Perhaps one of the most radical aspects of Shaker Society in it’s early history was the leadership structure.  When Joseph Meacham emerged as the leader of the Shakers in 1787, one of his first administrative changes was to introduce the “principle of parallel female authority”, choosing Lucy Wright of Pittsfield, MA as his partner. Mother Lucy and Father Joseph led equally as First Eldress and First Elder at the Central Ministry at Mount Lebanon, a system which set an example for leadership structure for all Shaker Communities of the era.

Under the leadership of Father Joseph and Mother Lucy the Shakers were gathered in Spiritual Families, and those Families were then organized into a Community. Each Community was then organized into a Bishopric. The Hancock Bishopric, which consisted not only the Hancock Community cut also those in Tyringham, MA and Enfield, CT, was ministered by 2 Elders and 2 Eldress’.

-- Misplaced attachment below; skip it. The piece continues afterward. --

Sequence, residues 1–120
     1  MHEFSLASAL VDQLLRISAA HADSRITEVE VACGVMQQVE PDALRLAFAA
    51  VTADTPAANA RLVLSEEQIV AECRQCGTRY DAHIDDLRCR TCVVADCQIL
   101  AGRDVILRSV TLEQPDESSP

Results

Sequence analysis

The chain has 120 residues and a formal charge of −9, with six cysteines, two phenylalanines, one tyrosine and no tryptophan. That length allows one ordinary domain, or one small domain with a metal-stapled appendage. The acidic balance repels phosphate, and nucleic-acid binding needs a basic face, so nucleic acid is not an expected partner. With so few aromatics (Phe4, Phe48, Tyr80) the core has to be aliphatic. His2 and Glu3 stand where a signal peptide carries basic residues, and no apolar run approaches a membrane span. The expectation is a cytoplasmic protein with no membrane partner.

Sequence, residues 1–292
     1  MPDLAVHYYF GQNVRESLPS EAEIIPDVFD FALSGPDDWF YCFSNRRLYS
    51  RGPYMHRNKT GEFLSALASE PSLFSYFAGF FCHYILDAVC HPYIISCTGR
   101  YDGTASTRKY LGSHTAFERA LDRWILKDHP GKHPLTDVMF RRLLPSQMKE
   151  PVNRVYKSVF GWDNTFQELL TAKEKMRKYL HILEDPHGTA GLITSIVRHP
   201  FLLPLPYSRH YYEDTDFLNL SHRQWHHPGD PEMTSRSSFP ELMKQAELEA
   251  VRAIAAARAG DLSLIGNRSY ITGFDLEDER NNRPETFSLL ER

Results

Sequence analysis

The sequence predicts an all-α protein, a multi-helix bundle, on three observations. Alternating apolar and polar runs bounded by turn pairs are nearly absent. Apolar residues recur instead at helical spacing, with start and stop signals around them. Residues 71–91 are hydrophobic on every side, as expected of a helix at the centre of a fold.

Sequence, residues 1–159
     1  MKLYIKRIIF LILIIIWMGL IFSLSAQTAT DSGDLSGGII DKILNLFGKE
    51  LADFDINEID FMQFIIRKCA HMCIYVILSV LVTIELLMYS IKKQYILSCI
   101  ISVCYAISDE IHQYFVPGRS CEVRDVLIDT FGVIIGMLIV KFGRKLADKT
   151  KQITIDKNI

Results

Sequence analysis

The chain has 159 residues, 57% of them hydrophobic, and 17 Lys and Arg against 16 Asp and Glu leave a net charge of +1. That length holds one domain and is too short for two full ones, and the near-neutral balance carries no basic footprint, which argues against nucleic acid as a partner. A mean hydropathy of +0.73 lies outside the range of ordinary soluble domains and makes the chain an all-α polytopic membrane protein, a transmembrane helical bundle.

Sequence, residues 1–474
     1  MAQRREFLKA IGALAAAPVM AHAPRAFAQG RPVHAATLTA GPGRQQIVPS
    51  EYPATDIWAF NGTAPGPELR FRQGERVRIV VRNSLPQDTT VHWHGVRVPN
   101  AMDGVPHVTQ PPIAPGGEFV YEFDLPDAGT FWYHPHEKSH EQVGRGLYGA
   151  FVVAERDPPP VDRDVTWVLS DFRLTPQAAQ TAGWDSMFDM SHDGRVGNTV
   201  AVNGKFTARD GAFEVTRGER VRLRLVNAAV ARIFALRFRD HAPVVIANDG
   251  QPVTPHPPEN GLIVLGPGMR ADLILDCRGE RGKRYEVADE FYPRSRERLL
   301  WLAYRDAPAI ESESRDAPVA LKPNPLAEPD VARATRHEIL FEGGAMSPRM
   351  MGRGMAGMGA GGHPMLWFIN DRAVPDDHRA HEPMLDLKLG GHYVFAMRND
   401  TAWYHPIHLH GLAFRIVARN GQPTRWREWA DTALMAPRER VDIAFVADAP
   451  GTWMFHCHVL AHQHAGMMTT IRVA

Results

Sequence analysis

The Hancock Community consisted of six Spiritual Families, all designated to a specific Order.  Those from the outside world seeking to join the Hancock Community were placed in the Novitiate Order as members of either the East Family or the South Family, each Family was administered by two Elders and two Eldress’. Covenanted Shakers were placed in either the Junior Order, which consisted of the West Family and the Second Family and also each administered by two Elders and two Eldress’, or the Senior Order.

The Senior Order consisted of the North Family, which was administered just as the Novitiate and Junior Orders, and the Church Family. It was the Brothers and Sisters of the Church Family who most often found themselves in positions overseeing the Community, such as the Trustees Office. The Trustees at Hancock, made up of 2 Sisters and 2 Brothers, were responsible for all financial and legal matters concerning business with the outside world.